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Door Femme Taken


Comparison of nine Serial ATA RAID 5 adapters

RAID 6 and RAID 50 performance

Besides RAID 0, 1, 5 and 10, a number of the adapters in this review are also supporting RAID 6 and 50. The boards supporting RAID 50 are the 3ware Escalade 9500S-8, the LSI MegaRAID SATA 150-6 and the RAIDCore 4852. RAID 6 is an unique feature of the Areca ARC-1120. The performance in RAID level 6 and 50 will be briefly discussed on this page. We won't repeat the endless benchmark graphs seen on the previous pages of this article.

As implied by its name, RAID 50 is a combination of RAID 5 (block-level striping with distributed parity) and RAID 0 (block-level striping). A RAID 50-array is therefore a stripe of two or more RAID 5 arrays. Some RAID adapters are limited a two stripes, others have the ability to stripe more than two RAID 5 arrays. The minimum number of hard disks for a RAID 50 array is two times the minimal number in RAID 5, therefore six disks. A configuration with six drives will loose the capacity of two drives due to storage of parity information. The advantage of RAID 50 lies in its higher fault tolerance: two hard disks are allowed to fail in a RAID 50 array, but only one disk may fail in each individual RAID 5 array. The functioning of RAID 6 is equal to that of RAID 5, however in this case parity is stored twice, resulting in the loss of effective capacity from two drives. RAID 6 offers a higher fault tolerance than RAID 50: two drives may fail at all time, irrespective of their position in the array.

In theory, RAID 50 promises increased write performance over RAID 5. The results of our write STR benchmarks demonstrate that none of the adapters is capable of improving write performance in RAID 50. Random I/O performance improved significanly on the 3ware Escalade 9500S-8 and the LSI MegaRAID SATA 150-6. RAID 6 offers no performance advantage, which is completely logical since there is one less stripe available compared to a RAID 5 array consisting of an equal number of drives. The RAID 50 configurations where tested using six disks so the MegaRAID SATA 150-6 (having only six ports) could be included in this comparison. RAID 6 on the Areca ARC-1120 was tested with eight hard disks because the need for double parity is best felt at the highest number of disks.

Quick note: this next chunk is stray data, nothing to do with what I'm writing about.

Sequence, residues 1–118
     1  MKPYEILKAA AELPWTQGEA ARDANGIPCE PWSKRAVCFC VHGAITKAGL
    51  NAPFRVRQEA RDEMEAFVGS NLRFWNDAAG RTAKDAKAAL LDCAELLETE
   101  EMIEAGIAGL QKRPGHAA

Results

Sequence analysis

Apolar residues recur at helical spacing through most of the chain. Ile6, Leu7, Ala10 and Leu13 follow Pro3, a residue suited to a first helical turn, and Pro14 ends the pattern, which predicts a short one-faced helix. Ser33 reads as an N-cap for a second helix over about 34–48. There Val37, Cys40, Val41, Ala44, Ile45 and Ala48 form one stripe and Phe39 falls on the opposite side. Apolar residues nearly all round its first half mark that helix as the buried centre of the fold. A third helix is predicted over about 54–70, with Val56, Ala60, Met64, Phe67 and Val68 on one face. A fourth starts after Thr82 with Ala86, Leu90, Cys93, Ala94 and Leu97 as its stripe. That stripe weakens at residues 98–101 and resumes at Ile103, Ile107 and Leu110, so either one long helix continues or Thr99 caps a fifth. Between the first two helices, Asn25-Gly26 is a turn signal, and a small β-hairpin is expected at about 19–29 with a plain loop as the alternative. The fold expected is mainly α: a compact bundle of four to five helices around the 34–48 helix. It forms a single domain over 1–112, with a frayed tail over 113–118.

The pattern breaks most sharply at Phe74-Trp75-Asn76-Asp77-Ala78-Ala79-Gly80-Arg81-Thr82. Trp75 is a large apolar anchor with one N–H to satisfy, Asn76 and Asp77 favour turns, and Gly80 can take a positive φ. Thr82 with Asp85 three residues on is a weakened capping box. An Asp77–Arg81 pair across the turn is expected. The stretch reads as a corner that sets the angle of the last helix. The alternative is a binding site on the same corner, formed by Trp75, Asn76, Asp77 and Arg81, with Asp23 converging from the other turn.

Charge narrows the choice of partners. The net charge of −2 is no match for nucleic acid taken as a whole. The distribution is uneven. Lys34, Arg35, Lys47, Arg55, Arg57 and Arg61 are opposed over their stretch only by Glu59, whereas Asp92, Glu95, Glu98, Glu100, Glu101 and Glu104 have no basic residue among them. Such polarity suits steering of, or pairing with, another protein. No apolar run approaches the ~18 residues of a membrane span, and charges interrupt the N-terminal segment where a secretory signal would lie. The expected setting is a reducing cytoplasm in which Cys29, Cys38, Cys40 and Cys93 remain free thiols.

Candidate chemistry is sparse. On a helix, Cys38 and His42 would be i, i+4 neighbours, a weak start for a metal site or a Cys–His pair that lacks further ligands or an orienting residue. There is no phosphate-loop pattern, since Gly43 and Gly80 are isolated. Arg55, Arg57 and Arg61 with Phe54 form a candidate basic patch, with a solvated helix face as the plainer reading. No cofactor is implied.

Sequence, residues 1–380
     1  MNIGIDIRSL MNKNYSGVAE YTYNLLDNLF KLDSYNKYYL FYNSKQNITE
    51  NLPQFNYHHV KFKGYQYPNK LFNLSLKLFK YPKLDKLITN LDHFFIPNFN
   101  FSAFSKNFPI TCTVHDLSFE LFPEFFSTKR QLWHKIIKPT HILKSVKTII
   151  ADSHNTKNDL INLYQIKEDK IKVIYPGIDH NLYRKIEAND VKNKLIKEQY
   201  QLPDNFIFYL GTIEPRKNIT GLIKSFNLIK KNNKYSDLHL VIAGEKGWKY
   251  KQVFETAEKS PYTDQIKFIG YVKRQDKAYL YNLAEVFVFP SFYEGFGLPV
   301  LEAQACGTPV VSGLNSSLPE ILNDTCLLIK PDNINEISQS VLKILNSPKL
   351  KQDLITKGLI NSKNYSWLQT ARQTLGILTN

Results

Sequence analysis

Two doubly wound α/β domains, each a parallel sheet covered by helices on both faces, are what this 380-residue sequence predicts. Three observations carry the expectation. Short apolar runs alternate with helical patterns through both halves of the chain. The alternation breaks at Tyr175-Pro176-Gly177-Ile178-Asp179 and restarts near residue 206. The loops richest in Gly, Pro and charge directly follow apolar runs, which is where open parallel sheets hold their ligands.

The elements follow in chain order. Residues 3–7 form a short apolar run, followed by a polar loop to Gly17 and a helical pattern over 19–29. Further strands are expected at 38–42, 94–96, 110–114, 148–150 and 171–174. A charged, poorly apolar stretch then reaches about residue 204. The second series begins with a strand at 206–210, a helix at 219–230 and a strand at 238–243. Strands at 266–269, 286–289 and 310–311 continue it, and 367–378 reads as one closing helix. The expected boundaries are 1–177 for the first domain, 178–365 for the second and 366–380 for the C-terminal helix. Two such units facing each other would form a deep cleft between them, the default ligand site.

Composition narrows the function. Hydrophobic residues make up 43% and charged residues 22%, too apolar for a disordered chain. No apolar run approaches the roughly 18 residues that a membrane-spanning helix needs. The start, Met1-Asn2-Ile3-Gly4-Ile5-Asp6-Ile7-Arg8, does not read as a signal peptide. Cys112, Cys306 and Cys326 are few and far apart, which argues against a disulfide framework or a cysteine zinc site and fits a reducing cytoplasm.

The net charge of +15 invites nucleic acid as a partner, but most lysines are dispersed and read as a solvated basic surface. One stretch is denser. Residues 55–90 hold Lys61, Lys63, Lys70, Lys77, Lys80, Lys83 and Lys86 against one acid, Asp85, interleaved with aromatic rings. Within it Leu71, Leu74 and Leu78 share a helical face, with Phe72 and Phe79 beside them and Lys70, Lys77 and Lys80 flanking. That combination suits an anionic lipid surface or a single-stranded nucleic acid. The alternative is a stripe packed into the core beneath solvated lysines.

With the exception of the 3ware Escalade 9500S-8, the performance of all adapters was negatively influenced by the use of RAID 6 and RAID 50. The RAIDCore BC4852 and the LSI MegaRAID SATA 150-6 only suffered a small performance degradation in RAID 50, though. For this reason, RAID 50 is certainly worth considering if higher fault tolerance is desired and a lower effective capacity is no issue. The performance of RAID 6 on the Areca ARC-1120 RAID 6 was considerably lower than RAID 5 on this card.

In our server benchmark the 3ware Escalade 9500S-8 produces a considerable performance profit if used in RAID 50. The difference with the six disks RAID 5-setup is no less than 26 per cent. At the RAIDCore BC4852 we see a small decrease in the performances, but this time the MegaRAID is a little bit faster in the server benchmarks than it was in RAID 5. Again the Areca ARC-1120 performed considerably less than it did in RAID 5.

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